Does a person with more knowledge have the right to control those with less knowledge? Not with adults of course: I don’t want a nutritionist to control what I eat or a film critic to control what I watch, or the government to control what I say.
Many people undervalue what they want to do compared to what they think other people want them to do. They think that they need to be obedient, without understanding or feeling good about why they have chosen to do so. Doing this to yourself is bad enough. But doing it to someone else, such as your child, is even worse, because now it is not just yourself and your own reason you are violating and harming, it is another person.
Not everything we think is true is actually true, even if we feel 100% sure it definitely is true. No matter how strongly we feel that we are right about something, we might well nevertheless be mistaken. The subjective feeling of certainty is no guide at all to whether or not something is true. We can feel totally certain about something and yet be totally mistaken.
This question is in effect asking “How do I mould and shape my child into a person who believes that individuals should be free from unwanted moulding and shaping by others?”
Life does not have to involve either ruling or being ruled. Instead, we can stand side by side with no one ruling, all of us free to be in control of our own life, solving problems individually and jointly, and having fun doing so.
If parents knew that they could reject the conventional approach and it would not ruin their precious child’s life, many more would do so. If you cannot see that rejecting the status quo is not only right, but also will not have any disastrous unintended consequences, it feels safer to stick with the tradition of paternalistic coercion.
Children are no less creative and rational than adults, whether or not they yet have the explicit language in which to express themselves.
Children being taken seriously are not subject to an authority from whom they need permission, so they no more ask permission than we do.
Knowledge is conjectural, and we are all fallible. When everything is open to question and we do not hold anything or anyone as an authority, we are free to correct errors that otherwise would have kept us stuck and miserable. Yay!
Taking Children Seriously is a new VIEW of children—a non-paternalistic view: children do not actually need to be controlled for their own good. An Oxford Karl Popper Society talk.
The point of Taking Children Seriously of course is not to have the children “rule” the parents—but it is unavoidable that that is how it will be seen from the worldview of an authoritarian society. To an authoritarian worldview, the question is not “is there an authority in this situation” but “who is the authority in this situation.” In any situation where there is no authority, one will be invented or imagined.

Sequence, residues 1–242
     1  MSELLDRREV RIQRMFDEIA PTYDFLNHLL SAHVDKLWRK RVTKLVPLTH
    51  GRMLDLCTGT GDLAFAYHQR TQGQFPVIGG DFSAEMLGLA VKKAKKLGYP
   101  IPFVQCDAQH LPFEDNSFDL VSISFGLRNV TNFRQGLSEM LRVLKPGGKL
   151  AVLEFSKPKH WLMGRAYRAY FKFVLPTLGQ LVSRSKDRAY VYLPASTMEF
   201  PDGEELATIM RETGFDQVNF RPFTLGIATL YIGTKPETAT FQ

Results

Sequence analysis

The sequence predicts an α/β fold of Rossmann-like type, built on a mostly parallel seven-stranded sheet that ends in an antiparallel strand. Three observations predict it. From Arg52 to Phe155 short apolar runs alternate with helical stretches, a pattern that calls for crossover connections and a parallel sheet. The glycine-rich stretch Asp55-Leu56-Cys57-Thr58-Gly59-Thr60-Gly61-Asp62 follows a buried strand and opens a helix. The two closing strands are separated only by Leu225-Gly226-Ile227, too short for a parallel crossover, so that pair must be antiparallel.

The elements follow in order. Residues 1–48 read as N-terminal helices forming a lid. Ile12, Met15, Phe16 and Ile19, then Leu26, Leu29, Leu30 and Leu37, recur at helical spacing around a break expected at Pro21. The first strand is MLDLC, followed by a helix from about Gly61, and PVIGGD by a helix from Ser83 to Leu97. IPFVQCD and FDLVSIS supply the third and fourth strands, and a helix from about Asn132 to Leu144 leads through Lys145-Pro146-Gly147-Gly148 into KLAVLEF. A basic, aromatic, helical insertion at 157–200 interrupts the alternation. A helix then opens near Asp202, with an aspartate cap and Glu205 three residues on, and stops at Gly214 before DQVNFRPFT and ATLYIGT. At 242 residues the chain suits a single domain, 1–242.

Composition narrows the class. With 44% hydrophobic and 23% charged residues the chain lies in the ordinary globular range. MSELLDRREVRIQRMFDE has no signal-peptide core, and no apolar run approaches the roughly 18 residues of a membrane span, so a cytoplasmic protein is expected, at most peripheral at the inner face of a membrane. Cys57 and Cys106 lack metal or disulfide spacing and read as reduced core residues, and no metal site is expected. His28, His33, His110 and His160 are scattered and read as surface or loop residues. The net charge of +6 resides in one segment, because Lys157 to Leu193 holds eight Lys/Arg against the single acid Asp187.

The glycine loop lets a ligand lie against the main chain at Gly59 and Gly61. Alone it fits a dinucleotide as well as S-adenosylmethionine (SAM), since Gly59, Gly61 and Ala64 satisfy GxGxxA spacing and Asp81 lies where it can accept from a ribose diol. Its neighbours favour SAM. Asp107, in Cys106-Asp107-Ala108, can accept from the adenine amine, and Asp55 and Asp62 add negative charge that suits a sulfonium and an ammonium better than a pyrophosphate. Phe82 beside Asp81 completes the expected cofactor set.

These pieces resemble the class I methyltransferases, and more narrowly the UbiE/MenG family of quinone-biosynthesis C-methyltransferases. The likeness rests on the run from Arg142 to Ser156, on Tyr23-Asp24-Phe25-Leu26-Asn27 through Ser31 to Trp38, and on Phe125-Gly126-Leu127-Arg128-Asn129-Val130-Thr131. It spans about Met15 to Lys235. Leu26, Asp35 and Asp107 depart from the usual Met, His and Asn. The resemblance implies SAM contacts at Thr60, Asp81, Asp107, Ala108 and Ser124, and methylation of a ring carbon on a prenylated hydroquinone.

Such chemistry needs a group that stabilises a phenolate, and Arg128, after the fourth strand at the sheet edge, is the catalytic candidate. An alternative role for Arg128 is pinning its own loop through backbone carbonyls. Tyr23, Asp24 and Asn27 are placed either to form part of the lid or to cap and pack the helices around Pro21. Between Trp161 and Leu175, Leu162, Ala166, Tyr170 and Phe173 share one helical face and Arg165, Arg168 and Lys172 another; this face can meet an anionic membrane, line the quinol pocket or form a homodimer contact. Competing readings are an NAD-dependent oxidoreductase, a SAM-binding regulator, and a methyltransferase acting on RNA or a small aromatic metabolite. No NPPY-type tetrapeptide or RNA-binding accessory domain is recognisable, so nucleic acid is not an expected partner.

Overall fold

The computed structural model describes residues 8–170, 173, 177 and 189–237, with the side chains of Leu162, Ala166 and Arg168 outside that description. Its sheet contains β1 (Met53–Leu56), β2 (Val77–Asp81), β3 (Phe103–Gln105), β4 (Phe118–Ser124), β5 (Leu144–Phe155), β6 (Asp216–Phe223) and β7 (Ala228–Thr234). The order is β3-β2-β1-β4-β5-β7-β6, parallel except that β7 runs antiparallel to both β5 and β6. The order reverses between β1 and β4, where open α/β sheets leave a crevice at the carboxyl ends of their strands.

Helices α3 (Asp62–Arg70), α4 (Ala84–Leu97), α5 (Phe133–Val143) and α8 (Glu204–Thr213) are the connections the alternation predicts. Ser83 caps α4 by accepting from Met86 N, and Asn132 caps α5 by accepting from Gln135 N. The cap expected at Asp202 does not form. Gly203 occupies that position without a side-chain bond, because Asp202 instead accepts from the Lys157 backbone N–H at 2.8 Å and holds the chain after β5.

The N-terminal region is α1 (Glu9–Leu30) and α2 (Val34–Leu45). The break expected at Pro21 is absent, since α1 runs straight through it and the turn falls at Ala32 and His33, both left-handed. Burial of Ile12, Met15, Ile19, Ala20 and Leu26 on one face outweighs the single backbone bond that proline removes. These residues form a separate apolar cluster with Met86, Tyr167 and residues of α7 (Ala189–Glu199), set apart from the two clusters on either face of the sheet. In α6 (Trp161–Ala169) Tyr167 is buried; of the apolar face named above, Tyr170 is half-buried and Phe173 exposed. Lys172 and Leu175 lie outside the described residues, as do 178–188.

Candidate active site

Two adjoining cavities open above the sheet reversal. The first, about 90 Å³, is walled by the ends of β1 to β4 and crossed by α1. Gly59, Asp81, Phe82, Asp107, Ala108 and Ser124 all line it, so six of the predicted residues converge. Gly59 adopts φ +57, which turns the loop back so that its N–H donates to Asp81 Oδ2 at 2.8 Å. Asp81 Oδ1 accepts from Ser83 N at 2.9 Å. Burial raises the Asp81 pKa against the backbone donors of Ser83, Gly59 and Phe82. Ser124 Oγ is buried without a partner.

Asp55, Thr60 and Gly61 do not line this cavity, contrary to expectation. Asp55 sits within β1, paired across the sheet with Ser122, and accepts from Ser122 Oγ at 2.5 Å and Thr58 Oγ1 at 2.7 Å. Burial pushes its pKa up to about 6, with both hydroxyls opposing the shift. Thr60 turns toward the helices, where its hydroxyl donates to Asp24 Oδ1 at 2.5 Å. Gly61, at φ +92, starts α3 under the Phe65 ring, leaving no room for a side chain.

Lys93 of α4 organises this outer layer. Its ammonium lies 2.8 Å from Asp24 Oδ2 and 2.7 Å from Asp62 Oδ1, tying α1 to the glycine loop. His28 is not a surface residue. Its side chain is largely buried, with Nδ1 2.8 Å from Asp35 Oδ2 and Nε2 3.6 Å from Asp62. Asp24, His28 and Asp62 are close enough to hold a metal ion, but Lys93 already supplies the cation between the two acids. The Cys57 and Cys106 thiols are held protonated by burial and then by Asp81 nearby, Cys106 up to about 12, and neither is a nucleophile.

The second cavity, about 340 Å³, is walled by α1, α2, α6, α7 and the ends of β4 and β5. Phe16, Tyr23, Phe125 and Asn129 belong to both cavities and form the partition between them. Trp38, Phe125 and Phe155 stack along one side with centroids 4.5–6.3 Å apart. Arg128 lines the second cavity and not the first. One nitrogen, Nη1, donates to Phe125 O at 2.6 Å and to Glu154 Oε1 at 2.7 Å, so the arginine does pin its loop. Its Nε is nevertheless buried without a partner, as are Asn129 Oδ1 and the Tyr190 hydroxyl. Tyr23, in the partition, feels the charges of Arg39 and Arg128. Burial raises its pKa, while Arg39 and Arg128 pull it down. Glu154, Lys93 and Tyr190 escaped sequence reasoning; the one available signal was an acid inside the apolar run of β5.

When you have decided that it is fundamentally unkind to coerce people, but an authority figure is pressuring you to coerce your child, calmly say ‘sorry but I don’t agree with your fundamental assumptions’.’ All you need to concentrate on is that this is a difference in fundamental assumptions. Both the authority figure and you want what is best, and are trying to be kind. You just see things differently, because you view children differently.
Taking Children Seriously is neither utopian nor revolutionary. It is fallibilist and respects tradition as well as the growth of knowledge.
Kohn has a gut feeling that behaviourist dog training techniques are bad, and he is quite right about that. But he has no explanation of why they are and how they are. All he has is (worthless) ‘evidence’ that they are.
Children have to do what they themselves think is right, with no pressure whatsoever—that’s what non-coercion amounts to—but they also have a right to be told morality as best we see it.
How does the alleged parent’ right of authority justify behaviours we would in other circumstances regard as barbaric, immoral, or at the very least unpleasant?
We are always dealing with our theories of what is happening, never something more ‘pure’. ‘Observed behaviour’ is shorthand for ‘our theories of observed behaviour’. All observation is theory-laden. Sometimes theories’ apparent failures in empirical tests are no such thing—we just made a mistake. Science does not have any special status.
The problem is that when coercion is used, it really doesn’t matter whether your reasons make sense, or whether the task is the right thing to do. They have to do it regardless. It precisely blocks their thinking in that area.